Registration Dossier

Environmental fate & pathways

Endpoint summary

Administrative data

Description of key information

Additional information

As acetylene is a gas at standard temperature and pressure conducting a standard ready biodegradability test is technically difficult and, based on exposure estimates, the test may not be relevant. An OECD 301D closed bottle test has been identified (MITI 2001) which reports 0 % biodegradation over 28 days. We have been unable to obtain a copy of the original report in order to assess its reliability.

The use of the QSARs, BioHCwin v 1.01 in EPI Suite 4 2009 (Howard et al 2005) and Biowin v 4.1 in EPI Suite v 4 2009 (Howard et al 1992), to predict the biodegradability of acetylene has also been conducted as part of a weight of evidence approach to fulfil this endpoint requirement. The use of BioHCwin must be treated with caution as this compound falls outside the applicability domain. However, the predictions from both model suggest that acetylene does have the potential to biodegrade.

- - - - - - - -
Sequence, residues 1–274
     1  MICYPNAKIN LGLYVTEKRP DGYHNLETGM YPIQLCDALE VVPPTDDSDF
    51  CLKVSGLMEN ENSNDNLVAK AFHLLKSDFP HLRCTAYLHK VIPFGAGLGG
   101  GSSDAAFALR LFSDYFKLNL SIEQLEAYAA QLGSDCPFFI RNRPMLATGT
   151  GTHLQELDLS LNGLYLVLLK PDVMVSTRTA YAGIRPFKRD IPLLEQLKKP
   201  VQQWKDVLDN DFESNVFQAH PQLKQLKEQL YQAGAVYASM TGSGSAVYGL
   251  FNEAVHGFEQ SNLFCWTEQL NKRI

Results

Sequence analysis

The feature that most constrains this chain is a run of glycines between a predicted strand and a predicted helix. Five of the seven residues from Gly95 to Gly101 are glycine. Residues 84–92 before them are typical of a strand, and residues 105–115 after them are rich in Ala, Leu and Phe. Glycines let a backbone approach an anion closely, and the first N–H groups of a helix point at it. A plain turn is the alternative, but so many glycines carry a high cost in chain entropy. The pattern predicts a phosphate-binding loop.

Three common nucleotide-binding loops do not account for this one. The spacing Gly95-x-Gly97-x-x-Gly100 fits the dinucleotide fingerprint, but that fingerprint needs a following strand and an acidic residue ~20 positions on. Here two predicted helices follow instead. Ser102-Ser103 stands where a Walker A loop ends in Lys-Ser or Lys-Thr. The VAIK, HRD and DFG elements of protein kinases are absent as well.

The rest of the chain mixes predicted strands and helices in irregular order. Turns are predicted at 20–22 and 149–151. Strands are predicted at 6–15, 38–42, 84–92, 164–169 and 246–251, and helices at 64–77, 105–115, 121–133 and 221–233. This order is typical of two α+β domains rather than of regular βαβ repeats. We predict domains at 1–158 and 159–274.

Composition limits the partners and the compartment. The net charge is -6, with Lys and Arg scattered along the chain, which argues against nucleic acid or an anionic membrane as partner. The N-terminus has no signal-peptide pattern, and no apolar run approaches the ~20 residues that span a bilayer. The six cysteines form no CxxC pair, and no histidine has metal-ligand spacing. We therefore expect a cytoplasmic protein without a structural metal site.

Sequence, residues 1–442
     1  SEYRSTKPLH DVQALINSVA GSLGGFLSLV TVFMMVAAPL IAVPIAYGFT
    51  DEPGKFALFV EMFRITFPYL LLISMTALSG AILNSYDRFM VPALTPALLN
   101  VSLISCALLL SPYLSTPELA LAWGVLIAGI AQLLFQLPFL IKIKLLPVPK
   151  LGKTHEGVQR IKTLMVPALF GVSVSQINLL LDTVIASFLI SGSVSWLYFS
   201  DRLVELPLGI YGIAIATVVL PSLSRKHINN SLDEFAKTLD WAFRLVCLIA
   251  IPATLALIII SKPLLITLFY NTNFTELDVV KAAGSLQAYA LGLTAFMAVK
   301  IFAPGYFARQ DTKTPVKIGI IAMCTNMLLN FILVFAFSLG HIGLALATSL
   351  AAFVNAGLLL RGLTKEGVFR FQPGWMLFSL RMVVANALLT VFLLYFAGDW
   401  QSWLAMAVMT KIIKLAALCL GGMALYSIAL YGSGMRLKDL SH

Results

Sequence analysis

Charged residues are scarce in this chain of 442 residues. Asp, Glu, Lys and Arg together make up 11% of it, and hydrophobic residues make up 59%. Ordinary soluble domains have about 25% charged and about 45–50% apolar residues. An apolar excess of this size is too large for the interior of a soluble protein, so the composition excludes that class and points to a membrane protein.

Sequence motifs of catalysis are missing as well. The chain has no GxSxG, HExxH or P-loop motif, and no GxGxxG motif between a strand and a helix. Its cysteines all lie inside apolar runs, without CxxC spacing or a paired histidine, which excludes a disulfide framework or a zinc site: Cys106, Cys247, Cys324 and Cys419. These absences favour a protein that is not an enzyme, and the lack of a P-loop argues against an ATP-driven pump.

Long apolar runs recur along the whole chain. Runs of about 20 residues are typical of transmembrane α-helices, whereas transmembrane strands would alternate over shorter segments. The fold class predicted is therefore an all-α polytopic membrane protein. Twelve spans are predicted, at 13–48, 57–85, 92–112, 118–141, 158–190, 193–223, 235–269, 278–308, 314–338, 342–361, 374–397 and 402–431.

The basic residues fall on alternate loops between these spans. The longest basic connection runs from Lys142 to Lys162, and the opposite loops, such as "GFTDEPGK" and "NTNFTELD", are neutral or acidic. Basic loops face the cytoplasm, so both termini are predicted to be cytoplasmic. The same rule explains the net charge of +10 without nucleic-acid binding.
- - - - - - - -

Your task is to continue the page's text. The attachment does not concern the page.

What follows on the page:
Furthermore, acetylene is expected to primarily partition to air, thus its fate in the atmosphere is an important consideration, although it is not a REACH requirement. Acetylene is expected to rapidly degrade by indirect photolysis in air. The dominant process is by reaction with hydroxyl radicals, although it can also react with ozone. Atkinson (1985) recommended a rate constant of 0.8150 E-12 cm3 /molecule/sec for the reaction rate with hydroxyl radicals and a recommended rate constant of 0.003 E-17 cm3/mol/sec for the reaction rate with ozone. These rate constants equate to half lives of 13.1 and 382 days respectively.

Acetylene has the potential to rapidly volatilise from surface waters, based on a calculated Henry's Law constant of 2.20E +003 Pa m³/mol at 25°C. It is not expected to partition to suspended matter or sediments based on its log Kow of 0.37. In summary, although unlikely to persist in the aquatic environment, data are not available to demonstrate that acetylene is readily biodegradable and, for the purposes of a risk assessment, ready biodegradability will not be assumed.